28 Matching Annotations
  1. Dec 2016
    1. I am going to unexplored regions, to "the land of mist and snow," but I shall kill no albatross; therefore do not be alarmed for my safety or if I should come back to you as worn and woeful as the "Ancient Mariner."

      Here, Walton makes a direct reference to poetry and quotes Coleridge's "Rime of the Ancient Mariner." This further solidifies Walton's lack of formal education and shows his knowledge of poetry, instead.

    2. "That is also my victim!" he exclaimed. "In his murder my crimes are consummated; the miserable series of my being is wound to its close! Oh, Frankenstein! Generous and self-devoted being! What does it avail that I now ask thee to pardon me? I, who irretrievably destroyed thee by destroying all thou lovedst. Alas! He is cold, he cannot answer me.

      Without Walton's letters acting as a framing device, this scene would not have been possible. Walton's framing allows us to feel sympathy for the Creature. As stated earlier, if the story were told from Victor's point of view, the story would characterize the Creature as a monster. Victor is never able to see the Creature admit his guilt for destroying Victor and his family. Therefore, Walton is important to give truth to the story and show the Creature for who he really is: someone who is lonely and remorseful.

    3. I am surrounded by mountains of ice which admit of no escape and threaten every moment to crush my vessel. The brave fellows whom I have persuaded to be my companions look towards me for aid, but I have none to bestow

      Here, Walton seems to fully be accepting the danger that he has put his crew in. It becomes clear that Walton doesn't know what he is doing and he cannot help his crew. He got caught up in his books and thought that he could accomplish this journey, much like how Victor got caught up in his alchemy books and thought that he could create life. However, Walton must face the consequences of putting his crew in danger, as Victor faced the fact that he put his family in danger. Both also ultimately put themselves in danger.

    4. "When younger," said he, "I believed myself destined for some great enterprise.

      Earlier in the novel, in Walton's first set of letters, he says something very similar. Walton states, "And now, dear Margaret, do I not deserve to accomplish some great purpose? My life might have been passed in ease and luxury, but I preferred glory to every enticement that wealth placed in my path." This shows that Walton and Victor are similar in the sense that both believed that they were destined for something greater.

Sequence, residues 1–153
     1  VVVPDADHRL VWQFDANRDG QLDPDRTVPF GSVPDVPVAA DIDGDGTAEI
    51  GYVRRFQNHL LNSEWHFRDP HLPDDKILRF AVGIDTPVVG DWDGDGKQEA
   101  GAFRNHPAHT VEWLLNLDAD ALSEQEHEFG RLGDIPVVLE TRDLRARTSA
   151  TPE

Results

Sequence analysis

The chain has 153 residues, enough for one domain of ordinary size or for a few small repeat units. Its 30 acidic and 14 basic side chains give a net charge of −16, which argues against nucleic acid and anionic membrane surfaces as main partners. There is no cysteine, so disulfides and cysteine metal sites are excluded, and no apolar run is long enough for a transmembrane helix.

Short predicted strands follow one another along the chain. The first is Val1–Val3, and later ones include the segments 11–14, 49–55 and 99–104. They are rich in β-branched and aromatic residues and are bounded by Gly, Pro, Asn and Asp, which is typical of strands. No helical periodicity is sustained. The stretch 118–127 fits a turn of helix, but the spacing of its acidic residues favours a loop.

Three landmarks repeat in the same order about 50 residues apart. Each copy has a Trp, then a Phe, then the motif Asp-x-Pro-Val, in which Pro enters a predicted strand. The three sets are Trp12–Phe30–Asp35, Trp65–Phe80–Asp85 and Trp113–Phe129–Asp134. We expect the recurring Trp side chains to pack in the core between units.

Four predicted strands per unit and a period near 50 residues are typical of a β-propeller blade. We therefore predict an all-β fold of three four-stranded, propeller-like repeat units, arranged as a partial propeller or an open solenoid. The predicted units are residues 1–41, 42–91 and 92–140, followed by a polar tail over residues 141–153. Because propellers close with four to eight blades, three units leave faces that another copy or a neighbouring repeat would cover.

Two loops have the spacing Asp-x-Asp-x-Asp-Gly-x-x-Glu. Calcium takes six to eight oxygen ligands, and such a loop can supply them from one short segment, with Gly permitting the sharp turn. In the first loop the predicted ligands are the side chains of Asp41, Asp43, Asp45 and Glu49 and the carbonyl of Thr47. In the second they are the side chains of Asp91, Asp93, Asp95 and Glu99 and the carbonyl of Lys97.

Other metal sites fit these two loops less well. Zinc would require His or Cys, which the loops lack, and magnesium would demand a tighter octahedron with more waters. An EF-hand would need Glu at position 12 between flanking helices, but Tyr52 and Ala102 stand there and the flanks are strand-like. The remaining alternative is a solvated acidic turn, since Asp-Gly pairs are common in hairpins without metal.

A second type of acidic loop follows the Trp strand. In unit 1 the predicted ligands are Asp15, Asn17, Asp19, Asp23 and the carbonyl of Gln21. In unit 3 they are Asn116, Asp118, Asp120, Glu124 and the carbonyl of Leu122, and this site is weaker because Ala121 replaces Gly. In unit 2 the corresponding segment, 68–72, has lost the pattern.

5. His tale is connected and told with an appearance of the simplest truth, yet I own to you that the letters of Felix and Safie, which he showed me, and the apparition of the monster seen from our ship, brought to me a greater conviction of the truth of his narrative than his asseverations, however earnest and connected.

      Britton says that "sympathy determine's the novel's frame structure... As the frames open... each shift in both perspective and genre is simultaneous with an experience of sympathy." Walton frames the sympathy for Victor, who frames the sympathy for the Creature, who frames the sympathy for Safie's story. As Walton states here, this story is told with "an appearance of the simplest truth." As each character frames another character's story, we are able to see each story as being true. Without this framing device, the story would be told from one person's perspective and it would have been biased. This story naturally would have been told from Victor's perspective and he would have painted the Creature to be a monster. However, Walton frames everyone's stories and allows us to see the truth. As Britton states, "As those frames close, and as the text returns to its outermost level and original epistolary form, the impossibility of sympathy silences each voice and concludes each frame."

      Britton, Jeanne M. “Novelistic Sympathy in Mary Shelley's ‘Frankenstein.’” Studies in Romanticism, vol. 48, no. 1, 2009, pp. 3–22. www.jstor.org/stable/25602177.

    6. Strange and harrowing must be his story, frightful the storm which embraced the gallant vessel on its course and wrecked it—thus!